4. The Crack novels are not optimistic, rosy, adorable novels; they know, as much as Joseph Conrad does, that being hopeful in an artistic sense does not necessarily imply believing in the world’s kindness. Or they search for a better world, being aware that such a fiction can exist only in a place we will never know. The Crack novels are not written in the new Esperanto, which is the language standardized by television. It is the celebration of language and a new baroque: of syntax, lexicon, and the morphological game. Fourth commandment: “Thou shall not take part in a group that accepts you as a member.”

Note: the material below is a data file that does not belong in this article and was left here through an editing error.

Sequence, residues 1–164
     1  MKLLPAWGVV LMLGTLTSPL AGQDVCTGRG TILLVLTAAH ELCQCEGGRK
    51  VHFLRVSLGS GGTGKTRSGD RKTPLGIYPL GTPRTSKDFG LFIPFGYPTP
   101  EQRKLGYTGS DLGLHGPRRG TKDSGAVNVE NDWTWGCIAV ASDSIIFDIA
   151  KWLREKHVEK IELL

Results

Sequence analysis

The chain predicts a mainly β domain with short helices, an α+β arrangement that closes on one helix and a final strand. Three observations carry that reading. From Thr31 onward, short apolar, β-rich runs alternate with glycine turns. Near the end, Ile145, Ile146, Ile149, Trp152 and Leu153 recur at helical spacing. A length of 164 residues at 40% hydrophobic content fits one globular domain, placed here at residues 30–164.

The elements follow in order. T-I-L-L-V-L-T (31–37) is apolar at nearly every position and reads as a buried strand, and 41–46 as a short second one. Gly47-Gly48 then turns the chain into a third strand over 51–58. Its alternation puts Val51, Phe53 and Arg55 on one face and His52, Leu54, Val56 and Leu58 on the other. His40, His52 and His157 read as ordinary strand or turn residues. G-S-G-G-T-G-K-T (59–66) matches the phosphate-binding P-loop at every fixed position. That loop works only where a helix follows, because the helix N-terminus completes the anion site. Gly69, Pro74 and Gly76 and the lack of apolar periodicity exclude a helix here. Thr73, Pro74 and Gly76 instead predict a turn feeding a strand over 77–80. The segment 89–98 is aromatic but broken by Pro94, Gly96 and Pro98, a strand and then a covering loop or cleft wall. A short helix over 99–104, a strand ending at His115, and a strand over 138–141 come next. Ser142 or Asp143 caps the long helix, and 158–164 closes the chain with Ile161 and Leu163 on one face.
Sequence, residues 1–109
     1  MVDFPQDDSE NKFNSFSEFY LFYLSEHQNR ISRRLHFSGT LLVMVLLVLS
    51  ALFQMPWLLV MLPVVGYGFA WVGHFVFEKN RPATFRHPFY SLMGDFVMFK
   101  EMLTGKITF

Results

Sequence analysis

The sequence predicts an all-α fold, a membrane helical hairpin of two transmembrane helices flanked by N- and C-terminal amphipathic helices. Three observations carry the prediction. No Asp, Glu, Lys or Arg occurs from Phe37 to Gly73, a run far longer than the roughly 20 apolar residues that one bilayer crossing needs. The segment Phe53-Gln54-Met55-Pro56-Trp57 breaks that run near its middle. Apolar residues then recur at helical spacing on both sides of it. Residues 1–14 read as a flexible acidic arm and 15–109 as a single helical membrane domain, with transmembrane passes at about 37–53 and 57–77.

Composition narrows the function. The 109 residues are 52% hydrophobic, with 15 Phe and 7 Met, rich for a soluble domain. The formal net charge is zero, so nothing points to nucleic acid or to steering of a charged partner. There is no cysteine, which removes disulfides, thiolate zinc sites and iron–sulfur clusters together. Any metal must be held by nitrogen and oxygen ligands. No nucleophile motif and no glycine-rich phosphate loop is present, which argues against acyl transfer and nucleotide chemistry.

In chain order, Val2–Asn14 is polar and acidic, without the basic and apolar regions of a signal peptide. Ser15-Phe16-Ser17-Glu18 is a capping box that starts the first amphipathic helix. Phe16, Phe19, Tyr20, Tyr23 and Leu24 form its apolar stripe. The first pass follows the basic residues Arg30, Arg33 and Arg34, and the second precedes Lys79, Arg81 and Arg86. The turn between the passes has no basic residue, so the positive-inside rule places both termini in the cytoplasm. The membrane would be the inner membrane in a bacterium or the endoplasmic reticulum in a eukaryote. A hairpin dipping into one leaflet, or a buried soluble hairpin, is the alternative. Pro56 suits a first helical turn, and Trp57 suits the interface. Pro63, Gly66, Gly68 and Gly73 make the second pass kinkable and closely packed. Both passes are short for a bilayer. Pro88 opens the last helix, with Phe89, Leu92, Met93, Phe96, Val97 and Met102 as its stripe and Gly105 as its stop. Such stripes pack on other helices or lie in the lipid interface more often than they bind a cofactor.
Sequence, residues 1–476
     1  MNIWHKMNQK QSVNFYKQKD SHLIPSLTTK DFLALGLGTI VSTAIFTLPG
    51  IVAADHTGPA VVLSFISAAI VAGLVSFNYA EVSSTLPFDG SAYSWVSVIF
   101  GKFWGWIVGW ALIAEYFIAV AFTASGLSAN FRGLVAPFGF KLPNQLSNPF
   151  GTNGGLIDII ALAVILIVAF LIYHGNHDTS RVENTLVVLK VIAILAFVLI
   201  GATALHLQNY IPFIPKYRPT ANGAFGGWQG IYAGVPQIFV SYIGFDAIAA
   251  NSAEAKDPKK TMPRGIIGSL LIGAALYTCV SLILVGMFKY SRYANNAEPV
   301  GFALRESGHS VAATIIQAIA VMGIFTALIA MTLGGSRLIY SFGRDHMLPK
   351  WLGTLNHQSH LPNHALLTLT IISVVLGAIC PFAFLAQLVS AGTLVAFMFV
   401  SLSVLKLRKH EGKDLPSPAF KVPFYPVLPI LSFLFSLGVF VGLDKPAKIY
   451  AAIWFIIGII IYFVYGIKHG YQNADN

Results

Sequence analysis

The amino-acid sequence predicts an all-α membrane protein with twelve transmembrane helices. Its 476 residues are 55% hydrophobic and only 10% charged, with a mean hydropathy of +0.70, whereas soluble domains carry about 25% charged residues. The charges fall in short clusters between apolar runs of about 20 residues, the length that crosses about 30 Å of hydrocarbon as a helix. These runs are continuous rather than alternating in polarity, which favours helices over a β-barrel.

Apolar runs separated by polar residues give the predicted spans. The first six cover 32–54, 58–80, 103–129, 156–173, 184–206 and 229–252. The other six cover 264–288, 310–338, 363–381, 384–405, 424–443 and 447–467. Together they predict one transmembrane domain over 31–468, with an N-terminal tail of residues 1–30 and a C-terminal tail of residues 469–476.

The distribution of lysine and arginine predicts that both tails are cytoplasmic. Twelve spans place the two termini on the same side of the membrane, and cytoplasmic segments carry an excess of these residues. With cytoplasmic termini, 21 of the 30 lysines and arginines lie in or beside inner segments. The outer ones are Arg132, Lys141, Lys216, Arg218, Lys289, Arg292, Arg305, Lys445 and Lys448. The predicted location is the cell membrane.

In his well-known book Mexico in its Novel: A Nation’s Search for Identity, the American critic John S. Brushwood insisted that Yáñez established the tradition of the “profound novel” in 1947, and, following in the same tradition, Pedro Páramo was published, which Brushwood also commented upon: “It is natural that some readers complain about the difficulty of the novel’s accessibility, and that some of them prefer just to despise it instead of making an effort to understand what it is trying to say. This reluctance to such an active participation is comprehensible, though I still think that the final results are really worth the efforts.” What is notable in these two cases are, first of all, the opportune adjective “profound” to refer to a tradition or a series of novels and novelist writers who, in their times, “profoundly” understood creative work as the most genuine expression of an artist who has compromised with his work.